- SPIFFS – Recognition of activities or special sales efforts are important in both situations. Gamification improves engagement and helps rally around the short term, specific goal. These help create or keep the momentum for low cost in either situation but are most effective when times are tough, provided the goals are achievable.
- President’s Club – Most organization’s president clubs can be quite expensive because it involves the top achievers getting together in one location. With social distancing, this will likely need to be reinvented with video ceremonies or other creative ways to help participants feel they are having a special experience. If quotas are not realistic and very few if any achieve President’s Club criteria, and/or the organization cannot afford it, then the program may not make sense to have during difficult times. For those in windfall situations, the criteria should be varied and challenging to achieve. For example, rather than just the top ten sellers, include those who hit milestones, such as first sale, highest customer sale, etc.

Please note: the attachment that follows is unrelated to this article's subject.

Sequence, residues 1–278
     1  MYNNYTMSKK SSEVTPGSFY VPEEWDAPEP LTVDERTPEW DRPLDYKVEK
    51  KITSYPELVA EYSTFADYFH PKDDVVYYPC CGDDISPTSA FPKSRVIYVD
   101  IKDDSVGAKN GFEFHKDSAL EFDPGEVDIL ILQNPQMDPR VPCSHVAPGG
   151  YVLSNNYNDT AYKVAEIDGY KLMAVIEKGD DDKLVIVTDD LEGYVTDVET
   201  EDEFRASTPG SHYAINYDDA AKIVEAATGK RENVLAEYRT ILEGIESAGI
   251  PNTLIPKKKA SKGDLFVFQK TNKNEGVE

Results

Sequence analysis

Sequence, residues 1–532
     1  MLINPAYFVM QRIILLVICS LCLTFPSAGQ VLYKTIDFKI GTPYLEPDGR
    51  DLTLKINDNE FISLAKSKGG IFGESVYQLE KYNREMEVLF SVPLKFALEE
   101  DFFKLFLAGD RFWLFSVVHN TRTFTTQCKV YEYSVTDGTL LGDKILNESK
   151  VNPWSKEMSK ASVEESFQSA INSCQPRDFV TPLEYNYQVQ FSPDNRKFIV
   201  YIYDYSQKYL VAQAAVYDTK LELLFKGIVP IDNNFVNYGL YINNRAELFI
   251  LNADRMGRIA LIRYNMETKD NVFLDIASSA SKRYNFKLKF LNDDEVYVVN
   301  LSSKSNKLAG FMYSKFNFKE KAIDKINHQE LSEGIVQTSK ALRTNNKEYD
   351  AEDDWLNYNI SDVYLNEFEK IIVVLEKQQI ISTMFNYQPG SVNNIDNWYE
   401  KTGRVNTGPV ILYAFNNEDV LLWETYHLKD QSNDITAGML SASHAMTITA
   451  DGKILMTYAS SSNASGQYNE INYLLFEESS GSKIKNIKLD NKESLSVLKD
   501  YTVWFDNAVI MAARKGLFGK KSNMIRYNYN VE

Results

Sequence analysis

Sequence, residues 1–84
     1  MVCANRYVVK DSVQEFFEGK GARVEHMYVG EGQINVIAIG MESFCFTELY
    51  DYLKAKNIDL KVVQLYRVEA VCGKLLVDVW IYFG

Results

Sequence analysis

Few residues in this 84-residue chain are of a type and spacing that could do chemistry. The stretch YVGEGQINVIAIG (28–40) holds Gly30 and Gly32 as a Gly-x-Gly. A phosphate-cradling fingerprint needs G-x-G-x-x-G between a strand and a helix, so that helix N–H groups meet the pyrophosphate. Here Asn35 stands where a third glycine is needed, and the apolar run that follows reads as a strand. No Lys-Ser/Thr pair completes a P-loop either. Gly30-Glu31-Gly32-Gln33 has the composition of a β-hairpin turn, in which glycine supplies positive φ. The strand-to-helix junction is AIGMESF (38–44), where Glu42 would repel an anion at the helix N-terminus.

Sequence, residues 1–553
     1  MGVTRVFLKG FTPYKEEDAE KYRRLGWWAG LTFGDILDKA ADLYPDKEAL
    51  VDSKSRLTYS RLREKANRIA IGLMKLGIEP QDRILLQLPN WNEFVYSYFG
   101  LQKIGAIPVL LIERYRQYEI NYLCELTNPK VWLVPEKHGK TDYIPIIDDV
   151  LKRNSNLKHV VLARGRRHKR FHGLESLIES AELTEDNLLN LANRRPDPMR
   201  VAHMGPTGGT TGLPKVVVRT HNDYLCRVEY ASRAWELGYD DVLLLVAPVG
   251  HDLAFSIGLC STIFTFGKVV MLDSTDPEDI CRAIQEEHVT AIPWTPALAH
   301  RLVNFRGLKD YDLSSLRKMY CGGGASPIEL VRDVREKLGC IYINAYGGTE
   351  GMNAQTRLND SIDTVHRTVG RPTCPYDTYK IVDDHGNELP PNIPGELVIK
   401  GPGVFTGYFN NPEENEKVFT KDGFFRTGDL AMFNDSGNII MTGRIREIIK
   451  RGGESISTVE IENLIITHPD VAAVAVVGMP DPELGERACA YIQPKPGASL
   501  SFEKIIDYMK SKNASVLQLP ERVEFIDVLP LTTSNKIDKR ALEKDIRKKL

How you communicate the plan will be more important than the design changes. When changes are communicated with a well thought out strategy, with both strong verbal and written communication, the plan has a better chance of being successful. Communication should include what was changed, why it was changed and how it benefits the seller.
There are many elements of the sales compensation plan that may help drive the desired behaviors and results. In both cases, the organization is rewarding for results based on a new or interim market. Your business strategy and response to the market will drive the degree of response and timing. Your culture will determine the degree of protection provided to sellers in a challenging market and the degree of protection provided to the organization when sellers suddenly seem to have unlimited opportunity and all the benefit to the organization seems to be going to the sellers. This article addresses a variety of incentive elements separately, however, which changes you make should be considered in totality.